actual argument presented. These processes often rely on environmental characteristics of the message, like the perceived credibility of the source,
quality of the way in which it is presented, the attractiveness of the source, or the catchy slogan that contains the message.
The two factors that most influence which route an individual will take in a persuasive situation are motivation (strong desire to process the
message) and ability (actually being capable of critical evaluation).
With my provided example it rides the razors edge. You see it's crisis material, meaning it increases the odds of "flight" instead of "fight".
Then with the helplessness and desperation (look at the way they reported the earthquake
) aspects it invokes emotional responses meaning it
lessens the ability to intellectually process the doomsday sequence. The result, it would seem, thanks to high odds of peripheral processing
is a softer cognitive substrate for eliciting the conditioned response.
Over enough time and repetition the 'collective unconcsciousness' of the subject will eventually wear down. Then there's the maybe one 3rd of the
population who believes in both forms of terror doomsday. Maybe they should ask themselves how they got that way.
Thus, most of the UK news (sky news) today is about a fire in a hotel that killed a few people. Then, we have the hurricane, followed by a
climate change protest. No earthquake at all. I suppose you could try to make connections between them as well.
Well, actually, which hurricane are you talking about? If it's the one over here I don't see why it's necessary to lump in there, being the UK and
all. But, here goes:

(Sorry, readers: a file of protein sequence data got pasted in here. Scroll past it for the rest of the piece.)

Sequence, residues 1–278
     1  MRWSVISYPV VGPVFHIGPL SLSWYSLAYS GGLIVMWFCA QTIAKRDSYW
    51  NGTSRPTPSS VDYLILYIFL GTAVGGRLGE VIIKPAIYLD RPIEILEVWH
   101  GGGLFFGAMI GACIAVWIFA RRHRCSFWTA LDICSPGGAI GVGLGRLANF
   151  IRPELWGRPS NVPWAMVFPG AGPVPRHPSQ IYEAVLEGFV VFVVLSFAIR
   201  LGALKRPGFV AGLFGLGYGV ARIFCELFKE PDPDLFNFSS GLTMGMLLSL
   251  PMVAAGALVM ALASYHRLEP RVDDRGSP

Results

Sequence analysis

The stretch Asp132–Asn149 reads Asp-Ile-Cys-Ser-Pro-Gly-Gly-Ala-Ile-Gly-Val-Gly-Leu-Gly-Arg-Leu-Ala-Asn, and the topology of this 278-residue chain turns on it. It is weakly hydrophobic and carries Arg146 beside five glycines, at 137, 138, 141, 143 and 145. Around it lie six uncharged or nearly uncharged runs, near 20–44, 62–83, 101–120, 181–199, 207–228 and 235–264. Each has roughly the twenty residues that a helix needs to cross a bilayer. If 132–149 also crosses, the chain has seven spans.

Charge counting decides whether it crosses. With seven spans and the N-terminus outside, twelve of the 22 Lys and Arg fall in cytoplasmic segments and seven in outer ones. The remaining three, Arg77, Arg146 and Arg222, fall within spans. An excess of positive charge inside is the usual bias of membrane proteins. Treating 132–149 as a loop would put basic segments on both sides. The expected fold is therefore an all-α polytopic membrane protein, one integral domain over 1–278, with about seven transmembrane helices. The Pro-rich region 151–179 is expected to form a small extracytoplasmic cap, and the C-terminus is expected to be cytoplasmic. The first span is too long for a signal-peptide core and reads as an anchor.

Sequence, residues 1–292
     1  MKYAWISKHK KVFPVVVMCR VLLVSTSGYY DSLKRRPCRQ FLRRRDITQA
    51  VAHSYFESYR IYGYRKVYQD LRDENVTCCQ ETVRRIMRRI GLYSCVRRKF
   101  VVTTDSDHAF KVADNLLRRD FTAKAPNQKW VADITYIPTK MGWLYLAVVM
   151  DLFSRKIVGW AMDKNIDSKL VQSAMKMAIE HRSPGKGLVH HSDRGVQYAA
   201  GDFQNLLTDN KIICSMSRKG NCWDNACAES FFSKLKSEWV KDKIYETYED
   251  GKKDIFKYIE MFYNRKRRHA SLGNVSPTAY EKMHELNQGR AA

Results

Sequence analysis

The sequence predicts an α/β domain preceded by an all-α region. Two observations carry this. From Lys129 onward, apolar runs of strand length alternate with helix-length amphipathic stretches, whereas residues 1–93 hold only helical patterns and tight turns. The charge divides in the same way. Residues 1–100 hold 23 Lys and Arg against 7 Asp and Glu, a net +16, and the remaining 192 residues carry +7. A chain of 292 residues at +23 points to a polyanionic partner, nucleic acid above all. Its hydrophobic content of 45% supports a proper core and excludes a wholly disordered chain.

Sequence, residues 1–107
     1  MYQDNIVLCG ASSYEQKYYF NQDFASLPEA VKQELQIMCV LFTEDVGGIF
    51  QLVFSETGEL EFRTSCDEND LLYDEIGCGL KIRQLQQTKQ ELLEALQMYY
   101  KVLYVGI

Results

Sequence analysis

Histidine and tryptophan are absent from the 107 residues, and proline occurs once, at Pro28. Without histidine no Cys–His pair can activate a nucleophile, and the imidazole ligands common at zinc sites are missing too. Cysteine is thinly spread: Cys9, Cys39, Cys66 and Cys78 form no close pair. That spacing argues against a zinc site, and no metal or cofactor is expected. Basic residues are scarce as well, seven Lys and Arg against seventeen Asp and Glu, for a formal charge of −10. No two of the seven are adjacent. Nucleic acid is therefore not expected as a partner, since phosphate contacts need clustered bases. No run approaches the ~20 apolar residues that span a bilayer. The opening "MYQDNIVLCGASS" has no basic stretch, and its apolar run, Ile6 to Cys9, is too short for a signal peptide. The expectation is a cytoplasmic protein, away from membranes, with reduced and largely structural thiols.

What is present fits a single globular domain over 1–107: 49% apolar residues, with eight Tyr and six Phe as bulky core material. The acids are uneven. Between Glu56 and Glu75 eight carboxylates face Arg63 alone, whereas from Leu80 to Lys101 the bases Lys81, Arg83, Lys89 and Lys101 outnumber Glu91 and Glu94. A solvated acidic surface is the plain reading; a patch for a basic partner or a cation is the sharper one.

I'd help to see the the fire report, imagine if it was a fire caused by human error and they're reporting it as such, or simply throwing out the big
IF potentially for human error. I imagine if there was room for raw emotion to be reported on they would have, thus framing the viewer into an
irrational-emotional state. Next comes the hurricane report and big talk of WARM waters while throwing around IF's like in the clip I provided. Next
comes the global warming protests, where it seems likely they went ahead and mentoned things like whatever freak weather events have been in the
public eye, perhaps even something about Katrina. Am I gettng warm
If you just want to say that the news is attempting to keep people in a vigilant and fearful state, maybe...
Could also be a tried and tested approach to ratings.
That's surely the case, and it has been for decades. Haven't you read State of Fear?
I've just watched a section of news about the hurricane. That was followed by the sports news. Man City beat Man Utd.
But you're still thinking this would produce a conditioned response, i.e. associating negative with negative. It would just bolster an already
conditioned response, producing no real change.
I accept that terrorism and natural disasters are well-established as negative stimuli and concepts.
Reporting on our hurricane again? How many times are they going to bombard you guys with dramatic weather news from across "the pond"?
In any case, my news example deals with existential risks, which is what they are and they're associated by default for at least that reason alone.
So that should answer your repeated mentioning of them only being "negative" association. Again, they're existential risks.
I still liked that news, and you could mix it with 25 pieces about death and destruction. The footie news would still make me happy
Of course, because it's activating entirely different emotions and neural procceses. Watch alternatring terrorism and global-warming/natural-disaster
clips 24 times in a row and the processes involved have little difference, and whatever difference would blur over enough time, especially if the
'message' was subtle and unacknowledged.
But, you're attempting to go a tad further, no?
I can only speculate on how often pairings between these stressors occurs for the average consumer of Establishment Media, but hopefully some viewers
of this thread may take note and report back over time.
[edit on 19-8-2007 by IgnoranceIsntBlisss]
[edit on 19-8-2007 by IgnoranceIsntBlisss]